An all-American landmark was transformed into a den of French clichés on Saturday as dozens of French artists, entrepreneurs and restaurateurs moved into Times Square to exhibit at what organisers have christened the “Best of France” festival.
Three blocks on Manhattan’s busy Broadway were blocked off to make room for the tourism, fashion and food fair, housing dozens of food and drinks tents, a mini pétanque (French boules) court and a giant replica of the Statue of Liberty (lest we forget the French gave the statue to the US in 1886).
Hundreds of thousands of Francophiles attended on the first day alone, swarming around a Président stand for a free slice of French bread and butter before a troop of cancan dancers from the Moulin Rouge — who were performing in New York for the very first time — outshone the allure of the staple treat.
A thoroughly friendly event, public displays of co-adulation between France and the US were at some points overbearing. The festival opened with the national anthems of both countries (performed by a full choir, no less), before the world’s largest US and French flags were unfurled, and later in the day, a gushing Hollywood-esque dramatic film applauded the US’s rescue of France in World War II.
French Foreign Minister Laurent Fabius officially opened the event before heading back to the UN General Assembly (presumably for more challenging encounters). “It’s really important to show the diversity of French talent,” he told FRANCE 24. “It’s all about quality and creativity.”
For artists Louisa L. and Nadine Debien, who were showcasing their paintings and sculptures, the opportunity was “magical”.
“Times Square is kind of the centre of the world, so it’s really crazy to be presenting our art here,” Debien told FRANCE 24.
A baker of the basque cake — which has yet to become as ubiquitous as macaroons, croissants and canelés — was handing out free pieces of the dessert to promote the launch of its appearance in the Whole Foods supermarket as of January.
“It’s certainly going down well so far,” Christophe Garcia, who struck the deal with Whole Foods after realising that Americans had been missing out on the treat, told FRANCE 24, as a stream of people filed by to try it.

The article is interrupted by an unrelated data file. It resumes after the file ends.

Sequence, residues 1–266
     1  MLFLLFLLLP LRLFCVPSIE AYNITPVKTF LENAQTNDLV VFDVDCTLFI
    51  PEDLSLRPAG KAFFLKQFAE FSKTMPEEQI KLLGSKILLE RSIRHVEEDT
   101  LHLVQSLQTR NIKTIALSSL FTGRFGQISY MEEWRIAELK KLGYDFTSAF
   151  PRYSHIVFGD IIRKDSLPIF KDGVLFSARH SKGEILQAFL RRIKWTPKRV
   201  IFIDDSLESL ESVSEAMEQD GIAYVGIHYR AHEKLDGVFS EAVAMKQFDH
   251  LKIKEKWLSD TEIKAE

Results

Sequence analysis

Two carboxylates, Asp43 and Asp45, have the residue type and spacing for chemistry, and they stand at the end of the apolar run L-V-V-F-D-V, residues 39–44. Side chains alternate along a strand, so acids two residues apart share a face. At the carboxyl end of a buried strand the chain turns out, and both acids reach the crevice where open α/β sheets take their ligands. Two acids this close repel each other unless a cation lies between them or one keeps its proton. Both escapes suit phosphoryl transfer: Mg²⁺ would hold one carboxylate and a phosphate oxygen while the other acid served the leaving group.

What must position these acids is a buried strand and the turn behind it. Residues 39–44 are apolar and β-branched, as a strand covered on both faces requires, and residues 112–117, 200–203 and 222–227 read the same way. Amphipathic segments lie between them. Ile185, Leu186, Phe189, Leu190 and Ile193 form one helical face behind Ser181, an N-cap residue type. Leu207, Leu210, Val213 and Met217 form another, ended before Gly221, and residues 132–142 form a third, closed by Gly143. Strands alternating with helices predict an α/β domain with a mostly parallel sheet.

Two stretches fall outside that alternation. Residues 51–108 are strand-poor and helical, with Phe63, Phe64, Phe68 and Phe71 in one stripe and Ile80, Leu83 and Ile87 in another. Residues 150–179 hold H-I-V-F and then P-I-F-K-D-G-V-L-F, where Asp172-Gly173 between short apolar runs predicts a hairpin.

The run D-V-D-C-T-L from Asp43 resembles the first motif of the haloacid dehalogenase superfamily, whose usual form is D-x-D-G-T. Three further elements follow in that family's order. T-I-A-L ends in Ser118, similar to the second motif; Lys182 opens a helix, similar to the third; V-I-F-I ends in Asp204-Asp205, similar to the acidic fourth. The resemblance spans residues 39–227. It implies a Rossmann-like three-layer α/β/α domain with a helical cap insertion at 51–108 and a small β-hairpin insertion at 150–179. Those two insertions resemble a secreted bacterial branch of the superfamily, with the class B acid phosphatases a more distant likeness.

Another baker, chef Claude Goddard of the Madison Bistro in Midtown Manhattan, had created the painstakingly binational “croissnut”.
Amadu Togo, who was working Goddard’s croissnut stall, seemed genuinely excited about the pastry. “Of course it’s better than a donut,” he told FRANCE 24, “I mean, it has the croissant too!” Togo said he had already eaten two croissnuts for breakfast.
Butter and business
Inside a refrigerated tent, dairy artisans Jim Victor and Marie Pelton carved a 1,000-kilo slab of butter into a slippery replica of Paris. The pair, who have been carving butter for 20 and 15 years respectively, said it had taken seven days to create the city, which was in its final stages.
Representing France’s current innovation revolution, a number of US-based startups promoted their healthcare, fitness and networking apps, but major brands — Air France, Axa, L’Oréal — were present too.
Even military aircraft giant Dassault was on show, apparently to promote its Falcon jet as “a truly Franco-American product”. The jets are assembled in France but completed in Arkansas, sales manager Jean de Looz explained, making Best of France “unmissable” for the company.
President François Hollande, who is in New York for the UN General Assembly, will attend the event on Sunday afternoon.
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